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Re: [Bug-apl] Proposal for initial multicore support

From: Elias Mårtenson
Subject: Re: [Bug-apl] Proposal for initial multicore support
Date: Mon, 10 Mar 2014 22:31:54 +0800

This is something that I have been thinking about as well. And the thing that mostly concerns me is how multiple operations can be optimised. Part of that thinking is actually part of my idea to keep track of temporary objects so that they can be modified in-place. The core of that was already implemented by Jürgen. Thanks for that. :-)  (by the way, there are plenty of more functions that could benefit from in-place modification)

About multithreading. I have a few concerns, and I'll outline them all here for posterity:

Task dispatch and job construction

If you have a large array A (say, 8k rows) and you perform, say, the operation 1+2×A. If you have 8 cores, you want to perform the following operations:

    Core 1: {1+2×⍵}¨A[⍳1000;]
    Core 2: {1+2×⍵}¨A[1000+⍳1000;]
    Core 3: {1+2×⍵}¨A[2000+⍳1000;]

Note that with in-place modifications this can be quite efficient.

However, note that there must be some intelligent algorithm figuring out that the sequence 1+2× can be merged into a single threadable job.

If this optimisation is not done, then we'll probably see inefficiencies like this:

With a plain non-optimised multi-core dispatching we would be wasting a lot of time doing dispatch and subsequent collections of results:

    Core 1: {2×⍵}¨A[⍳1000;]
    Core 2: {2×⍵}¨A[1000+⍳1000;]
Then, collect the result of the multiplication followed by another dispatch to execute:
    Core 1: {1×⍵}¨A[⍳1000;]
    Core 2: {1×⍵}¨A[1000+⍳1000;]

Unless the arrays that you are working on are very large, you are going to spend more time synchronising the threads than actually doing real work.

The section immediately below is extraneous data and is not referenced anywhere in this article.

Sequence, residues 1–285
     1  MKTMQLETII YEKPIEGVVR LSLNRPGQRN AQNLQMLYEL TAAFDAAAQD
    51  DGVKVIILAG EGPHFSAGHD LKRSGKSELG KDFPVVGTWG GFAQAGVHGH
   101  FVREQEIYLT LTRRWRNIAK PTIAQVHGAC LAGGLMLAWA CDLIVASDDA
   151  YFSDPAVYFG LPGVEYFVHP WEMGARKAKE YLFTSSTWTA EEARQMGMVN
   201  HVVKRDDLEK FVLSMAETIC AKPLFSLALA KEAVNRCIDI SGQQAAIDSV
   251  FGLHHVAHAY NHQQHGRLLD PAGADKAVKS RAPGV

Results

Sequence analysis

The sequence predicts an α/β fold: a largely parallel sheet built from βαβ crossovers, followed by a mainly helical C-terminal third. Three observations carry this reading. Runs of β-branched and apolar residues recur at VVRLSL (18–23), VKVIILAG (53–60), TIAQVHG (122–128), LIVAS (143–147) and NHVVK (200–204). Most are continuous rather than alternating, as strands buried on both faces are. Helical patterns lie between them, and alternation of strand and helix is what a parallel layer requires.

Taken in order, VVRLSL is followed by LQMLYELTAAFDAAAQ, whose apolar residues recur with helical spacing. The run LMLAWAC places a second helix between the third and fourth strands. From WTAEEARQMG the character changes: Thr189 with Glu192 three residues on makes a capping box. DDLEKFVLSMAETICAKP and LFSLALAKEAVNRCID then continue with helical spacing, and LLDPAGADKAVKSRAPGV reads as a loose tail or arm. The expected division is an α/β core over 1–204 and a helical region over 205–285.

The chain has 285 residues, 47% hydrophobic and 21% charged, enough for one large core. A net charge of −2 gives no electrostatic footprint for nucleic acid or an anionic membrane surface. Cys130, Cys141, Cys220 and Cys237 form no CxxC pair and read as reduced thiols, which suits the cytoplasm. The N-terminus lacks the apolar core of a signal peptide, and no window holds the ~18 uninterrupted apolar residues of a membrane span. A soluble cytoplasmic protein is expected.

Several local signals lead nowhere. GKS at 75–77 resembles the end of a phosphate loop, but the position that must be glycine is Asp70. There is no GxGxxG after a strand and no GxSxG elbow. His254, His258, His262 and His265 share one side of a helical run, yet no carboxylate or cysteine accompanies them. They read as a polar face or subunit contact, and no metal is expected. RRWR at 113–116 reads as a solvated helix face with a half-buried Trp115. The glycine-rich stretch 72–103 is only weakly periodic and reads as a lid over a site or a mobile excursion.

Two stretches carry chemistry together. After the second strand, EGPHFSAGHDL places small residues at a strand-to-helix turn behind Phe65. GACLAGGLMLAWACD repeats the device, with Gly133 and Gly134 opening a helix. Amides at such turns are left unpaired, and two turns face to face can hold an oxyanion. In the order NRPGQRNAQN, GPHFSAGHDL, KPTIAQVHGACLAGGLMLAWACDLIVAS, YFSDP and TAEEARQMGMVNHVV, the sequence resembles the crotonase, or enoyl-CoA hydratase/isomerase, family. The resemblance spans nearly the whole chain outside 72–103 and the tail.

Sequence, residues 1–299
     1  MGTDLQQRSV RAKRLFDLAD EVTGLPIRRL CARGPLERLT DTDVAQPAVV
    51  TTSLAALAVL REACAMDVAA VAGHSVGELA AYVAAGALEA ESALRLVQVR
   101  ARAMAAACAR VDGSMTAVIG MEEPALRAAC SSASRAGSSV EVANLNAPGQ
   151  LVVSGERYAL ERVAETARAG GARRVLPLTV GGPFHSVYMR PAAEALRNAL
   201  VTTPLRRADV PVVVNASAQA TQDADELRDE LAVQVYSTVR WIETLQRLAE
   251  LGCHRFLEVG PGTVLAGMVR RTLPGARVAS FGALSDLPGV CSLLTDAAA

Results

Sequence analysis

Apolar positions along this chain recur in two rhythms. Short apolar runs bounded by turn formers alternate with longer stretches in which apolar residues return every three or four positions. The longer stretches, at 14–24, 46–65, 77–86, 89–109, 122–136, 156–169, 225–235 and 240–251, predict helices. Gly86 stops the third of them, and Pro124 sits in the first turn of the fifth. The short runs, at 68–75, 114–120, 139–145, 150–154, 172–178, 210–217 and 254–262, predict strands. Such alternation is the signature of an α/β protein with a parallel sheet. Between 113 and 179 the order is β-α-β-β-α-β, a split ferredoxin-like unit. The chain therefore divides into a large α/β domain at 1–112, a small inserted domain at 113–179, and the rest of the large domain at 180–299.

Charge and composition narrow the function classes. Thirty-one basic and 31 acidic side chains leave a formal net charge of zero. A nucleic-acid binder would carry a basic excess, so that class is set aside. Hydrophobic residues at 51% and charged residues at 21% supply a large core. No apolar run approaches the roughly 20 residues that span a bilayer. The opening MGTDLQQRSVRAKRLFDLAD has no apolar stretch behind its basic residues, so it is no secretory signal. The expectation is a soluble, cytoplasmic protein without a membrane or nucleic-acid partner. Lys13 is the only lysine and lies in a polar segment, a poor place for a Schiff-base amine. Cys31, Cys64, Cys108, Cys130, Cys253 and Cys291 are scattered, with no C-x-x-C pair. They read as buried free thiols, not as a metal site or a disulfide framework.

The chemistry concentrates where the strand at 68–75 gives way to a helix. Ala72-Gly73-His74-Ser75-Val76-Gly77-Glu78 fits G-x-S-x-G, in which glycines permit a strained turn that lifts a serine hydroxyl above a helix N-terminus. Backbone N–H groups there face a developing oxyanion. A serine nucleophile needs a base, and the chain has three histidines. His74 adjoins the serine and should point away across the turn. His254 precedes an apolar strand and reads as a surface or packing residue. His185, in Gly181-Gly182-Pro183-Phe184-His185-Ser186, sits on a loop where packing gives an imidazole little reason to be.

Thread model

Unless all threadable operations always take the same amount of time (i.e. no branching) a simple thread-pool will not be enough. One would need some kind of job-stealing queue system. There are several available for C++, but as I'm not a C++ developer I don't have any experience with them. However, Threading Building Blocks looks promising.


Having the EACH operator being threadable sound incredibly tempting, but how should the system deal with synchronisation? It's clear that most operations does not have to worry about synchronisation since they only work on its small slice of an array, but what about something like this:

    N←0 ◊ {⍵+N←N+1}¨⍳100

The easy way around this would be to simply not multi-thread functions that contains the assignment operator. The benefit of this is that one can do away with locking almost completely.

Multithreaded memory management

Right now, instances of Value are allocated using the default allocator. This allocator calls down to malloc(), which is not the fastest in the world. Most implementations of malloc() also have a single lock, making the allocation operation effectively single-threaded. Since GNU APL does a lot of memory allocations, this will definitely be a bottleneck. I would suggest using an allocator that has a thread-local memory pool, ensuring that two parallel memory allocations will not interfere with each other.

I'm sure there are more issues, but these are the ones I have been thinking about so far. Comments welcome.


On 10 March 2014 19:44, Juergen Sauermann <address@hidden> wrote:
Hi David,

I think your ideas are correct. I have planned multicore support for GNU APL 1.4 and
every help is welcome.

Actually parallel processing was one of the main reasons for me to write GNU APL.
I published a Ph.D thesis "A parallel APL computer" (in German) back in 1990. We had
built a prototype based on multiple MC68020 processors and demonstrated that most
APL primitive functions and operators can benefit from parallel execution. The only
thing missing at that time was the interpreter (which is now GNU APL).

My thoughts so far were going in the direction of OpenMP which uses a similar approach
as the one you describe. But I haven't worked with it yet and there are other solutions around.

The most important step is to find the best approach for GNU APL. That probably means a lot
of benchmarking and experimenting.

In GNU APL every primitive function is a separate object so we can decide on a per-function
basis at what length we go multi-core.

/// Jürgen

On 03/10/2014 06:33 AM, David B. Lamkins wrote:
This weekend I spent a few hours poking around in the GNU APL source
code while thinking about what it might take to exploit a multicore CPU.
I've collected my thoughts on what it might take to do an initial
implementation (see attached).

Juergen (and anyone else who has worked in the code base), I'd
appreciate some feedback regarding the feasibility of my proposal, as
well as your comments about things I've overlooked.

This is something I'd be willing to work on in my spare time.

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